This paper introduces a special issue on the ecotoxicology and environmental chemistry of nanoparticles (NPs), and nanomaterials (NMs), in the journal Ecotoxicology. There are many types of NMs and the scientific community is making observations on NP ecotoxicity to inform the wider debate about the risks and benefits of thes... This paper introduces a special issue on the ecotoxicology and environmental chemistry of nanoparticles (NPs), and nanomaterials (NMs), in the journal Ecotoxicology. There are many types of NMs and the scientific community is making observations on NP ecotoxicity to inform the wider debate about the risks and benefits of these materials. Natural NPs have existed in the environment since the beginning of Earth’s history, and natural sources can be found in volcanic dust, most natural waters, soils and sediments. Natural NPs are generated by a wide variety of geological and biological processes, and while there is evidence that some natural NPs can be toxic, organisms have also evolved in an environment containing natural NPs. There are concerns that natural nano-scale process could be influenced by the presence of pollution. Manufactured NPs show some complex colloid and aggregation chemistry, which is likely to be affected by particle shape, size, surface area and surface charge, as well as the adsorption properties of the material. Abiotic factors such as pH, ionic strength, water hardness and the presence of organic matter will alter aggregation chemistry; and are expected to influence toxicity. The physico-chemistry is essential to understanding of the fate and behaviour of NPs in the environment, as well as uptake and distribution within organisms, and the interactions of NPs with other pollutants. Data on biological effects show that NPs can be toxic to bacteria, algae, invertebrates and fish species, as well as mammals. However, much of the ecotoxicological data is limited to species used in regulatory testing and freshwater organism. Data on bacteria, terrestrial species, marine species and higher plants is particularly lacking. Detailed investigations of absorption, distribution, metabolism and excretion (ADME) remain to be performed on species from the major phyla, although there are some data on fish. The environmental risk assessment of NMs could be performed using the existing tiered approach and regulatory framework, but with modifications to methodology including chemical characterisation of the materials being used. There are many challenges ahead, and controversies (e.g., reference substances for ecotoxicology), but knowledge transfer from mammalian toxicology, colloid chemistry, as well as material and geological sciences, will enable ecotoxicology studies to move forward in this new multi-disciplinary field. read more read less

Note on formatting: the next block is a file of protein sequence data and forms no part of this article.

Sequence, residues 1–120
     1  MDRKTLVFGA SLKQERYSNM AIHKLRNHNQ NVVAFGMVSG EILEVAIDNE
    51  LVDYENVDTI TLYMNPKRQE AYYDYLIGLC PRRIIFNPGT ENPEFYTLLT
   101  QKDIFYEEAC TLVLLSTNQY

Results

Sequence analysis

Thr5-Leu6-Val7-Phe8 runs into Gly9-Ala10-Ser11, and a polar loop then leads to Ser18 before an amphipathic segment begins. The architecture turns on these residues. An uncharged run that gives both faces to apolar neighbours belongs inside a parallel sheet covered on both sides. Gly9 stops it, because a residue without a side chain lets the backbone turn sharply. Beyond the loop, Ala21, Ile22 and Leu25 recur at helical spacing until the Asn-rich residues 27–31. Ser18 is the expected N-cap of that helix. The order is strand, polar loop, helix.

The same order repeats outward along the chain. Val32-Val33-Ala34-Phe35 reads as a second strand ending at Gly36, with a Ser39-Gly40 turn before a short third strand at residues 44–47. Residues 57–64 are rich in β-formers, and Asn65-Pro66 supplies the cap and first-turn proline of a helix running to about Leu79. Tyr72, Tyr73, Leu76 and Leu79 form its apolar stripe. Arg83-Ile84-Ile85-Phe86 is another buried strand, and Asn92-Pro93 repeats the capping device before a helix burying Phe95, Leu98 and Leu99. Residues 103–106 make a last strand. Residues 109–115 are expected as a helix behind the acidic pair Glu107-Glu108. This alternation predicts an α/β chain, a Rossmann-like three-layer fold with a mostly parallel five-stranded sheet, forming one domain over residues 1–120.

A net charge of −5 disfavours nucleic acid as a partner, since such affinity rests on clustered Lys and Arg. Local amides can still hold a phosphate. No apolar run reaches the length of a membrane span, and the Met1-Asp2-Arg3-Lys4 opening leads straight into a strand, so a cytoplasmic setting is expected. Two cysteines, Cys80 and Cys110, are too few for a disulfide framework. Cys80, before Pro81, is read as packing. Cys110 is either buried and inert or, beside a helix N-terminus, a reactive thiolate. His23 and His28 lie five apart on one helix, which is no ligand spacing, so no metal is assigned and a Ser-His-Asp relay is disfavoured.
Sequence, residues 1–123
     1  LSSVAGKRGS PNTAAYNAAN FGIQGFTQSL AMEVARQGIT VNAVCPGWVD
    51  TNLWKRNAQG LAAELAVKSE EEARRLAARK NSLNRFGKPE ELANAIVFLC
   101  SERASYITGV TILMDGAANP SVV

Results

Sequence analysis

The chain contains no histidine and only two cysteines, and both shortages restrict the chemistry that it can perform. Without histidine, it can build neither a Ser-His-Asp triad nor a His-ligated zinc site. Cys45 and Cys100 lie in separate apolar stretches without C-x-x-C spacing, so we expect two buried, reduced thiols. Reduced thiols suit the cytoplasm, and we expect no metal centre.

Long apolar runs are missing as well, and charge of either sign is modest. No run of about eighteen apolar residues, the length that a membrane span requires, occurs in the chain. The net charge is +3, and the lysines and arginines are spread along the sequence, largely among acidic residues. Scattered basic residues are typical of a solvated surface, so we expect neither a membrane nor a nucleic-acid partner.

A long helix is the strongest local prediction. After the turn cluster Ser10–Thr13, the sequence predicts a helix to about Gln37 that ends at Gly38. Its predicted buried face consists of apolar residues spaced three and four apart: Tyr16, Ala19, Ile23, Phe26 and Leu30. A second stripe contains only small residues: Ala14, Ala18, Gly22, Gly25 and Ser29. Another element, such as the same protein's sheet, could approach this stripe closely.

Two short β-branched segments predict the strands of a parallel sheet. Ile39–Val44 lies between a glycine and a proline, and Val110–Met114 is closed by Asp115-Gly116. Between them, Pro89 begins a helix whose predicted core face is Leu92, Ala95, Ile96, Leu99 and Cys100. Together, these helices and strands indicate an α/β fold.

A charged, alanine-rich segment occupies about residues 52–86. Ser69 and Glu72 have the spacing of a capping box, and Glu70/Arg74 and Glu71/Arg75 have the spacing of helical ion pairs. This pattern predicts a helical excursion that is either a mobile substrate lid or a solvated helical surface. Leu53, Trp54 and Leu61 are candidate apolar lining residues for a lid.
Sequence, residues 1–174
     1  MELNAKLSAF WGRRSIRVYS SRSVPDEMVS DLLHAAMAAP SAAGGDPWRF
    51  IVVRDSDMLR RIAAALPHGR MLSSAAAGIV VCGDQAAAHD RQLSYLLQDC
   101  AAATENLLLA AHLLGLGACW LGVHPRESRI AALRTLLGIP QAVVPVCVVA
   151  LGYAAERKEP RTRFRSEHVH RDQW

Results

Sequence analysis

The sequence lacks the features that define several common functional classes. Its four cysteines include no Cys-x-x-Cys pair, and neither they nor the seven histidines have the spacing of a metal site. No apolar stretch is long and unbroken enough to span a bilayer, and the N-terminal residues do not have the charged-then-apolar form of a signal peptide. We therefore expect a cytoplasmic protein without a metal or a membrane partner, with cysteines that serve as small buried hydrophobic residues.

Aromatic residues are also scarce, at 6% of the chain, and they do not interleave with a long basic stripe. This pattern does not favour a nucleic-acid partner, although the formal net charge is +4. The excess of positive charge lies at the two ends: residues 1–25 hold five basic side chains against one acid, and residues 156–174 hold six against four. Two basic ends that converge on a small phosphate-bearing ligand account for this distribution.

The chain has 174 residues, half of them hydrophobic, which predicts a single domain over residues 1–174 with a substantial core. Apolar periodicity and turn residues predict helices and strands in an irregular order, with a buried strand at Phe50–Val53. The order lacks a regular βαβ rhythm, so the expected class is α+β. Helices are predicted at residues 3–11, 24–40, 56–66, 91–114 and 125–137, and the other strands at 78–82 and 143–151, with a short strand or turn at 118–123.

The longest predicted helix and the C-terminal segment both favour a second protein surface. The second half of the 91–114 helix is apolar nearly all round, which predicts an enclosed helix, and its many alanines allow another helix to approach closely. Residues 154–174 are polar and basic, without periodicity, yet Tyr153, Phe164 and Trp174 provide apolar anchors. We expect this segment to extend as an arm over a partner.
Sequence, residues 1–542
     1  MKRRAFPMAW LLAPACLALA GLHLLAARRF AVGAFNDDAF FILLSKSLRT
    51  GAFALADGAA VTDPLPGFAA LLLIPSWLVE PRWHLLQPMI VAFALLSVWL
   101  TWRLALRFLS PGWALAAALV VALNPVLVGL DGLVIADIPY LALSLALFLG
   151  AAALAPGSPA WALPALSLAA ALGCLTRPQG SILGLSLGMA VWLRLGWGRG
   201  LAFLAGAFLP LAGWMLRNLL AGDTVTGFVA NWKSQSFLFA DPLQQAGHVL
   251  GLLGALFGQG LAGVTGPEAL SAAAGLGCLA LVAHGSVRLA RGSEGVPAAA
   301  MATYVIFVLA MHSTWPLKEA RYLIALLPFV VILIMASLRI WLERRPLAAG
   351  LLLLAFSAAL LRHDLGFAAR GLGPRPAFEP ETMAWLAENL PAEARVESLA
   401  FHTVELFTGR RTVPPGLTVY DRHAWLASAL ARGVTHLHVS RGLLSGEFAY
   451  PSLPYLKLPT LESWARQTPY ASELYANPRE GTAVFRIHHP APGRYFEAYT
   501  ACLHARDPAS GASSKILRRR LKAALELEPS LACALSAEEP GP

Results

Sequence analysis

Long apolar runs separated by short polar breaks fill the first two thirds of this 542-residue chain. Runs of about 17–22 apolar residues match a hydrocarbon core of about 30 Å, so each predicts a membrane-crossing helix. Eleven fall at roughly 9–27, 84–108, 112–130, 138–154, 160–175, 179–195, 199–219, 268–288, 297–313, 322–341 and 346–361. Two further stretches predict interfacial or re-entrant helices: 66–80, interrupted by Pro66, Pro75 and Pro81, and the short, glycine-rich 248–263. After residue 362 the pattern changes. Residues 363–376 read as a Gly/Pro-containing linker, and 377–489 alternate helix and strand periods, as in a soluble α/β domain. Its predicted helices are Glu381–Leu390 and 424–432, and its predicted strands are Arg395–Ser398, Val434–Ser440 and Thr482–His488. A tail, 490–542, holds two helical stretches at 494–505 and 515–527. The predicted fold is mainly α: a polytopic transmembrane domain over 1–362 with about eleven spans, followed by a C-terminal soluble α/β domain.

Topics:

Ecotoxicology (51%)51% related to the paper
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760 Citations
open accessOpen access Journal Article DOI: 10.1007/S10646-012-0863-X
Neonicotinoids in bees: a review on concentrations, side-effects and risk assessment
Tsjeerd Blacquière1, Guy Smagghe2, Cornelis A.M. van Gestel3, Veerle Mommaerts2
18 Feb 2012 - Ecotoxicology

Abstract: